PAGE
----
During her pregnancy, a woman should see her doctor about once each month for the first six months of pregnancy, then every two weeks for the seventh and eighth month of pregnancy, and then every week until her baby is born. However, if a woman is over 35 or has a pregnancy with high risks due to health problems, she would probably have to see her doctor more often.
During prenatal visits, the practitioner will start by asking the pregnant woman how she was feeling and whether she has any complaints or worries. The practitioner would also answer any questions the expected mother has. After that, the health care provider would check the pregnant woman’s weight, blood pressure, heart, lungs, breasts, and urine. S/he would then measure the woman’s abdomen, check the position of her baby, listen to her baby’s heartbeat, perform as many exams and order tests as needed, and closely monitor any complications the woman has or has developed. At the end of the visit, the practitioner will review his/her findings with the expected mother, explain what normal changes to expect before her next visit and what warning signs to watch for. S/he would advise her about lifestyle issues, and discuss the pros and cons of optional tests that the expected mother might want to consider.
Exercise during pregnancy has many benefits including, boosting the expected mother’s energy level, helping her sleep better, reducing pregnancy discomfort (such as backaches, bloating, swelling, or constipation), helping to prepare for childbirth, reducing stress and lifting her spirits, improving her self-image, helping prevent or treat gestational diabetes, and helping her in getting her body back faster after childbirth. According to the American College of Obstetrics and Gynecology, a pregnant woman should get 30 minutes or more of moderate exercise per day on most if not all days of the week unless she has medical or pregnancy complication. Most exercises are safe to perform during pregnancy, as long as the pregnant woman exercises with caution and does not overwork herself. Some types of exercises that are good during pregnancy are: swimming, brisk walking, stretching, golf, stationary cycling, and yoga.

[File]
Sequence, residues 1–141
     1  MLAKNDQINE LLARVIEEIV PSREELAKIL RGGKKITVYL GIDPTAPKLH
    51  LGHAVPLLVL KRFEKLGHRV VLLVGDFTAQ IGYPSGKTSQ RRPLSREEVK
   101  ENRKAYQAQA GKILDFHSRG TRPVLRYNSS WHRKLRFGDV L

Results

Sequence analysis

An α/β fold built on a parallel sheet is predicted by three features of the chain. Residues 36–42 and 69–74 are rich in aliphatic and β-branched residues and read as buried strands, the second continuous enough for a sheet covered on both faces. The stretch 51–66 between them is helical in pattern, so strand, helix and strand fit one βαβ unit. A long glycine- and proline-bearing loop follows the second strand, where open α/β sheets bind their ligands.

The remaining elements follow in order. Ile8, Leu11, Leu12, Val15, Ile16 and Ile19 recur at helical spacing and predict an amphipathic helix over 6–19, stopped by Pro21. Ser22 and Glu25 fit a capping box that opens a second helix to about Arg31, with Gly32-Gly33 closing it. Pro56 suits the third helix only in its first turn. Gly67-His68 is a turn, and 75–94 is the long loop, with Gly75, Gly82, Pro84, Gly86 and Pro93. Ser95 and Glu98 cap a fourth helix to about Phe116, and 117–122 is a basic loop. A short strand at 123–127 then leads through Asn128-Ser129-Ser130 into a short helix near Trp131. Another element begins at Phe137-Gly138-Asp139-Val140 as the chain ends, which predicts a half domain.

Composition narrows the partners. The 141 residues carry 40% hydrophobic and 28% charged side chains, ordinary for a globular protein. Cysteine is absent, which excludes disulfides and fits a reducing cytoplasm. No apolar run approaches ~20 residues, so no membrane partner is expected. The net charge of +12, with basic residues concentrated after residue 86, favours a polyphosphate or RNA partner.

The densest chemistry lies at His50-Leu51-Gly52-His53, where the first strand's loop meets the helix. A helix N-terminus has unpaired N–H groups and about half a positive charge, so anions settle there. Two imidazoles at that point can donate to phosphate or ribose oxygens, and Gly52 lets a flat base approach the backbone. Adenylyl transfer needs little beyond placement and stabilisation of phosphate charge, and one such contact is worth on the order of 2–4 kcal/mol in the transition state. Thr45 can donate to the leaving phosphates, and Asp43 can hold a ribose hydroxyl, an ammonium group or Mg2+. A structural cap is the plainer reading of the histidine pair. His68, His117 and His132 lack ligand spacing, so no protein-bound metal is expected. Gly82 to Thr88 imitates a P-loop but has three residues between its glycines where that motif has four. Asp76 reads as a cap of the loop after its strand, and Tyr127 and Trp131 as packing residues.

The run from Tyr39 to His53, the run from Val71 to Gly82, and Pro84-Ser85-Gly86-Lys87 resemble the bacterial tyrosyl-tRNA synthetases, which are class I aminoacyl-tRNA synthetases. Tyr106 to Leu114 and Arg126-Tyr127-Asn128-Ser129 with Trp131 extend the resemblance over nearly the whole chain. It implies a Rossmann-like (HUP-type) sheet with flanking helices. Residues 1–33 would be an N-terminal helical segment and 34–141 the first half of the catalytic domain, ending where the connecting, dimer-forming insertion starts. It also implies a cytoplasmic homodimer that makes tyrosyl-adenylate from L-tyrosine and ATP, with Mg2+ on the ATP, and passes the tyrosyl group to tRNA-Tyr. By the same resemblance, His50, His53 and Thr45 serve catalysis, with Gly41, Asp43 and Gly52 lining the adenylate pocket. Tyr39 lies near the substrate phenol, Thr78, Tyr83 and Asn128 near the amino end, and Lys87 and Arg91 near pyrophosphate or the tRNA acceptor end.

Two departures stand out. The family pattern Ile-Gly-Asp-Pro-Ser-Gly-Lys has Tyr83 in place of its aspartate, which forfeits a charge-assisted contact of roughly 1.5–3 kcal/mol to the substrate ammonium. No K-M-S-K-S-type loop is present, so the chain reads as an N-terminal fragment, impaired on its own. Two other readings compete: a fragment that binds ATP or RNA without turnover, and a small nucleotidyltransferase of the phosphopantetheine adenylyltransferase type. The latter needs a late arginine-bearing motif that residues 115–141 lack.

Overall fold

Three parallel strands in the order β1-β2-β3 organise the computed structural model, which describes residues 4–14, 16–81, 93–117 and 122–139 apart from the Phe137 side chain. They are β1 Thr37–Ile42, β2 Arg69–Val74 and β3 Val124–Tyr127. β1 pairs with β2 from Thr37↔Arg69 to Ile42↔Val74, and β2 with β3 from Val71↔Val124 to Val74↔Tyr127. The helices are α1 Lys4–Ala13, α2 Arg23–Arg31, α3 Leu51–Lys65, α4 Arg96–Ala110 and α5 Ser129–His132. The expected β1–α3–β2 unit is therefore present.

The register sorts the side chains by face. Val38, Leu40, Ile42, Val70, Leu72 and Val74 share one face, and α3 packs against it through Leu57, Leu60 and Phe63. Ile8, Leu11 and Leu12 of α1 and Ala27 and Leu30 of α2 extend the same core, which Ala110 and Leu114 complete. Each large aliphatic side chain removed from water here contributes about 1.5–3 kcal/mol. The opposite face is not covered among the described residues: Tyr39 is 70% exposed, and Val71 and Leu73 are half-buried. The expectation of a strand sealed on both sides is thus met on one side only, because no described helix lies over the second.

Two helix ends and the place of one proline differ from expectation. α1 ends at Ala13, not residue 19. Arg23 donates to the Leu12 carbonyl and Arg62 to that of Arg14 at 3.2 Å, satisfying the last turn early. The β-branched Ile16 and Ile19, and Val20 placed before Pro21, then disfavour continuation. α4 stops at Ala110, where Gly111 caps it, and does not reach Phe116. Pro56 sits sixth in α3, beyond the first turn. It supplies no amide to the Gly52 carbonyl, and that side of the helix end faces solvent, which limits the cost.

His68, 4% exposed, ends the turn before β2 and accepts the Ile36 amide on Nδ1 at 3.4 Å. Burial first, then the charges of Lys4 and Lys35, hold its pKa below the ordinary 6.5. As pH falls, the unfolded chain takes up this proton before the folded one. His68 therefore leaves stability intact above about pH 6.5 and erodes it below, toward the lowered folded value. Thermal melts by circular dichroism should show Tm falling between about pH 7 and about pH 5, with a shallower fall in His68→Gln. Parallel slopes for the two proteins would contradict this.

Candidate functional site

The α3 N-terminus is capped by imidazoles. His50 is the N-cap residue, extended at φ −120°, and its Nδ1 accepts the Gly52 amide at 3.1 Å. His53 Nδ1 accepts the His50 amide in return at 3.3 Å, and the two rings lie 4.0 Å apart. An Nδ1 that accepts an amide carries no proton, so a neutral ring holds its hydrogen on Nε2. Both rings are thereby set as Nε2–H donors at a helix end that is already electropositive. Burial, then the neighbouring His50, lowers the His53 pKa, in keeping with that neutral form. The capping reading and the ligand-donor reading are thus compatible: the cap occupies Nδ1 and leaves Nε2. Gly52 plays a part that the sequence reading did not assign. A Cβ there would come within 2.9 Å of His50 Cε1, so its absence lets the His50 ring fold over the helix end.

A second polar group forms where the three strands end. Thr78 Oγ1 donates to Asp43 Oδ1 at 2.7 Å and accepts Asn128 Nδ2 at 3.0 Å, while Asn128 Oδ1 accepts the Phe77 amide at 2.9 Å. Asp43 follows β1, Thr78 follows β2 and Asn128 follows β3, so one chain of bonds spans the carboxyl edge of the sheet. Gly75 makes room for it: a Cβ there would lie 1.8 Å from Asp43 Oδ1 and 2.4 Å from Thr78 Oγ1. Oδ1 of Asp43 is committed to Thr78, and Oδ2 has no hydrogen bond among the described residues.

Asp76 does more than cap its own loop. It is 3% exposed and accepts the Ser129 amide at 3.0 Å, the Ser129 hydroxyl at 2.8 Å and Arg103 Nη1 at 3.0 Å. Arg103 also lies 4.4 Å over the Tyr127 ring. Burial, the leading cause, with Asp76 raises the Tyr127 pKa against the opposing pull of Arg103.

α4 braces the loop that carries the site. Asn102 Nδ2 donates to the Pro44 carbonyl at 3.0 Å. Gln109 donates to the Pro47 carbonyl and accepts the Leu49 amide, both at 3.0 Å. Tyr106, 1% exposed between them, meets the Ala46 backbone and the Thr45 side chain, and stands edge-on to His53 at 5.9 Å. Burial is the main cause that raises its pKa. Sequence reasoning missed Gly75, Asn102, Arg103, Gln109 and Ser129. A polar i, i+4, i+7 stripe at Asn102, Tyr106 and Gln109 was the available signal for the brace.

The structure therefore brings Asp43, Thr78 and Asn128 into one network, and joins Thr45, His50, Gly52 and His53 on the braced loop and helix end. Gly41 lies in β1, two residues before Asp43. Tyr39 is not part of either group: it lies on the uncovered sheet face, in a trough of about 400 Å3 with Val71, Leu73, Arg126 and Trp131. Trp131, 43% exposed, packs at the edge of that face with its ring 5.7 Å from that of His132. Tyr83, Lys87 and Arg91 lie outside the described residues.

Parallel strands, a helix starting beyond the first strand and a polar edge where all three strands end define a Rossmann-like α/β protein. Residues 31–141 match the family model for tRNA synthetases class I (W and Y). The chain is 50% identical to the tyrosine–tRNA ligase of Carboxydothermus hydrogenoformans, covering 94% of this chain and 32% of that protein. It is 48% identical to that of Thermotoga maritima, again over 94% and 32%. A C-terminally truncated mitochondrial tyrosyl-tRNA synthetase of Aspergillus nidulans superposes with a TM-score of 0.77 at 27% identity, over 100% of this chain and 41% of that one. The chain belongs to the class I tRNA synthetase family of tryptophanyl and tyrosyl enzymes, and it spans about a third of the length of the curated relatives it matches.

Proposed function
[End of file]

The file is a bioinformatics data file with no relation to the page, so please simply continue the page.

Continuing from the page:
During the 1st trimester, an expected mother should have her prenatal screening tests done, register for breastfeeding classes and/or a lactation consultant, eat about 300 more calories a day, get plenty of rest each night, and register for prenatal classes. She should visit her obstetrician once a month to keep track of her baby’s progress. An expected mother should get an ultrasound, genetic counseling, and Chronic Villus Sampling (CVS) to detect genetic abnormalities from her obstetrician.
During the 2nd trimester, the 4 key things to do are: get an Alpha-fetoprotein (AFP) test, test for amniocentesis, ultrasound testing, and other prenatal testing basics (such as urine screening or maternal blood sampling). Kegel exercises are a series of pelvic muscle exercises designed to strengthen the muscles of the pelvic floor to improve urethral and rectal sphincter function. The success of Kegel exercises depends on proper technique and sticking to a regular exercise program.
An Expanded Alpha Feto-Protein (XAFP) blood test is a voluntary blood test that can help identify women who may be at a higher-than-usual risk for having a baby with certain birth defects. It could help detect open neural tube defects, abdominal wall defects, down syndrome, and trisomy 18. Natural childbirth has its pros and cons. Some pros include: natural childbirth techniques being not invasive so there is only a slight risk for harm or side effects for the expected mother or her baby, a strong sense of empowerment during labor...